School is almost out for summer and with warmer weather comes summer jobs, family vacations and preparation for the next school year. If you’re a parent worried about your kids saving habits, there’s encouraging news. According to a poll by the Northwestern Mutual Foundation's financial literacy website, Themint.org, 79% of people say they would rather have $500 dollars to spend five years from now than $50 to spend today. Although younger people continue to save less than older folks, the overall trend is towards increased financial literacy. Why not use this summer to improve your family’s financial habits? It will definitely pay off.
If your child is employed over break, help them develop a plan for saving a portion of their income. It doesn’t matter what your kid makes, what’s important is that they allocate a percentage to savings. Younger kids involved with babysitting or lawn mowing may need more assistance then older teenagers, but the goal should be the same. Helping your children develop healthy savings habits with their first job will build good habits for the future. See these tips for more ideas about talking to your kids about money.
Planning a summer vacation? Have a frank conversation with your kids about the cost, and make sure they understand that rewards such as vacations require diligent saving throughout the year. If your kids are older, have them be responsible for providing a portion of their spending money. Give younger kids a set amount to spend on souvenirs, and use the opportunity to explain that the cost of even small purchases adds up. Need more advice on vacation planning? Check out this advice.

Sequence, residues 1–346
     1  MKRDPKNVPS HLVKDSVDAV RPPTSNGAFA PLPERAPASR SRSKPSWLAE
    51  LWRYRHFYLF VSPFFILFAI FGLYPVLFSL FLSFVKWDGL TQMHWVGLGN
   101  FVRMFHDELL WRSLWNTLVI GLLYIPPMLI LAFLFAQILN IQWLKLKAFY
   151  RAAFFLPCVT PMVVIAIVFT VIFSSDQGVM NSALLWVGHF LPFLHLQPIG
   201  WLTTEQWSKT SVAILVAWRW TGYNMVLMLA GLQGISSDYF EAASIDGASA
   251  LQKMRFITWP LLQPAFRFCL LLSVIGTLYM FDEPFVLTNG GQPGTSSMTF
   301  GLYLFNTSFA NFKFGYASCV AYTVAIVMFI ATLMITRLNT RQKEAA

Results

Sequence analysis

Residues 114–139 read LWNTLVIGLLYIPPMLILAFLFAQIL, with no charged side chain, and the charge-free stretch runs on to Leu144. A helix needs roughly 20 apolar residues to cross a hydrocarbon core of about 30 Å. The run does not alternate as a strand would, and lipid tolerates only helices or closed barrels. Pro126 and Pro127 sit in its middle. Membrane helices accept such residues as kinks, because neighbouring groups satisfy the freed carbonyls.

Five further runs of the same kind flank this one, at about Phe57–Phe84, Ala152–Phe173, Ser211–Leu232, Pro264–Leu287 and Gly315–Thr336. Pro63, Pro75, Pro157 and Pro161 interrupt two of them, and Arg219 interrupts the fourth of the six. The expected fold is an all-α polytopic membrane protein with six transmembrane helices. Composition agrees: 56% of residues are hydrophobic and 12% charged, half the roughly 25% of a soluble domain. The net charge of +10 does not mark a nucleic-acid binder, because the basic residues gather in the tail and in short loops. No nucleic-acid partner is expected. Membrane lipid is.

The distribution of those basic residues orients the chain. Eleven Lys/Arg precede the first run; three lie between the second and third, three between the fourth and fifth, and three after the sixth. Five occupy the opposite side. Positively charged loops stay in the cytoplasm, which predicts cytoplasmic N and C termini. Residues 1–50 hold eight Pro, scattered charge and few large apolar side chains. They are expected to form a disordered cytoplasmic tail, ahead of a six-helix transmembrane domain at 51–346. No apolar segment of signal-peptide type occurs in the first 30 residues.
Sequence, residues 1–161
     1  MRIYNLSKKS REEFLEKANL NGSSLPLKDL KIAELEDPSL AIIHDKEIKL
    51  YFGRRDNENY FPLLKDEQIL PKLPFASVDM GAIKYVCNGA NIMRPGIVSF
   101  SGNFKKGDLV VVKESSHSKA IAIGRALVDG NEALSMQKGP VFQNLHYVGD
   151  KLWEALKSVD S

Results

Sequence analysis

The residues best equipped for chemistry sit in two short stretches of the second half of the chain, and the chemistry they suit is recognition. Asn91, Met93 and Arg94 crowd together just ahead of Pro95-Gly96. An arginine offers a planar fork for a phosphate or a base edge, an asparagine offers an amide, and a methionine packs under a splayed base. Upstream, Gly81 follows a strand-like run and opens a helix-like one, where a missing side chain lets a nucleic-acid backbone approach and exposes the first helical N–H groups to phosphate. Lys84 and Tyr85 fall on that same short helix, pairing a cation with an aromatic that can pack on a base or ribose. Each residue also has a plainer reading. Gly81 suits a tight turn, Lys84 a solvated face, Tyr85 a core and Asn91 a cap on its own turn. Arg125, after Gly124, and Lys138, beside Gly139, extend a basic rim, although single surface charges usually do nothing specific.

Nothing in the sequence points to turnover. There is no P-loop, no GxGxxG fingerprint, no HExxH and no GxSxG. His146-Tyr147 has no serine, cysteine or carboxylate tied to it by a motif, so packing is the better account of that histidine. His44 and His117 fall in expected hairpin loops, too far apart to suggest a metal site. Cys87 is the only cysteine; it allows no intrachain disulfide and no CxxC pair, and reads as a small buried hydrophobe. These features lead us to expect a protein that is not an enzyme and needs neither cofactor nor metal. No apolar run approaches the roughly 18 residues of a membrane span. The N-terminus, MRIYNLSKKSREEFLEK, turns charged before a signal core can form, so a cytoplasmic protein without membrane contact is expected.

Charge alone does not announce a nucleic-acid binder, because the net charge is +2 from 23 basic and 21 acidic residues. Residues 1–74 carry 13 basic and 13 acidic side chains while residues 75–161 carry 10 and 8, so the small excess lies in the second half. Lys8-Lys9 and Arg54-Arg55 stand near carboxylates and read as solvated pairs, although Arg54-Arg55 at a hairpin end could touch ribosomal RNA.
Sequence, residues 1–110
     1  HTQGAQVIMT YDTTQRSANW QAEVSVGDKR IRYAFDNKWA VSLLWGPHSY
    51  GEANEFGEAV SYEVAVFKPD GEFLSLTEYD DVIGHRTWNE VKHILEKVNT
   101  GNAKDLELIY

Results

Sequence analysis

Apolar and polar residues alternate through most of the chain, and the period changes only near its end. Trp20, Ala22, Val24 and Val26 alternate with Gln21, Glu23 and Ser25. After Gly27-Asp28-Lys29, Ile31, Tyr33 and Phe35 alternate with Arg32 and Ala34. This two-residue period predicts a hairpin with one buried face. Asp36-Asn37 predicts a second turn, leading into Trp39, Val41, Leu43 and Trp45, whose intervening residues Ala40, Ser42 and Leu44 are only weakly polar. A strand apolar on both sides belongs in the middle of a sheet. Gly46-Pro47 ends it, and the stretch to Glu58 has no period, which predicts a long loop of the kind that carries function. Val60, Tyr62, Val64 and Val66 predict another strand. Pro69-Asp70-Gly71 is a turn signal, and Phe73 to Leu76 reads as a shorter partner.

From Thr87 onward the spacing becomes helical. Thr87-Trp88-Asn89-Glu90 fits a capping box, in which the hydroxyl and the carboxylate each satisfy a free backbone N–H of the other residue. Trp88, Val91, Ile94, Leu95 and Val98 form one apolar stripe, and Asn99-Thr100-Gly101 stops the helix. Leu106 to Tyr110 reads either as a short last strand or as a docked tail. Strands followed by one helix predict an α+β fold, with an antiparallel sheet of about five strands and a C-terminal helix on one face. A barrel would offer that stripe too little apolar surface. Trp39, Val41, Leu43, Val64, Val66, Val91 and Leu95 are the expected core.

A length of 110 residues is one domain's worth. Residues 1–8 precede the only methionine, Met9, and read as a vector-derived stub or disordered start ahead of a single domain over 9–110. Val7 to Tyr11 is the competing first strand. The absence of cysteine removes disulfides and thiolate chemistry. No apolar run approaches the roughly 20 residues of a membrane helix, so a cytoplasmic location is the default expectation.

With the cost of higher education rising every year, parents of high school kids should start discussing college expenses as soon as possible. Establish a 529 plan or other savings vehicle if you are financially able, and talk to your kids about the difference between in-state and out-of-state tuition. Teenagers that are able to find work should start allocating a portion of their income to an account specifically set up for college expenses, and scholarships should be thoroughly researched and evaluated well before application deadlines. Sit down with your teen and illustrate how college loans will impact their lives after graduation, and help your child make an informed and financially responsible decision about the best option after high school. Check out Financial Fitness Ohio for more tips.
It’s never too early to help your kids establish healthy financial habits that will last a lifetime.
For more information, visit Financial Fitness Ohio.
Interested in helping 5th and 6th grade students in your community develop healthy financial habits? Apply to play FETCH! in your school. It teaches children about budgeting, saving and spending through a fun and interactive board game.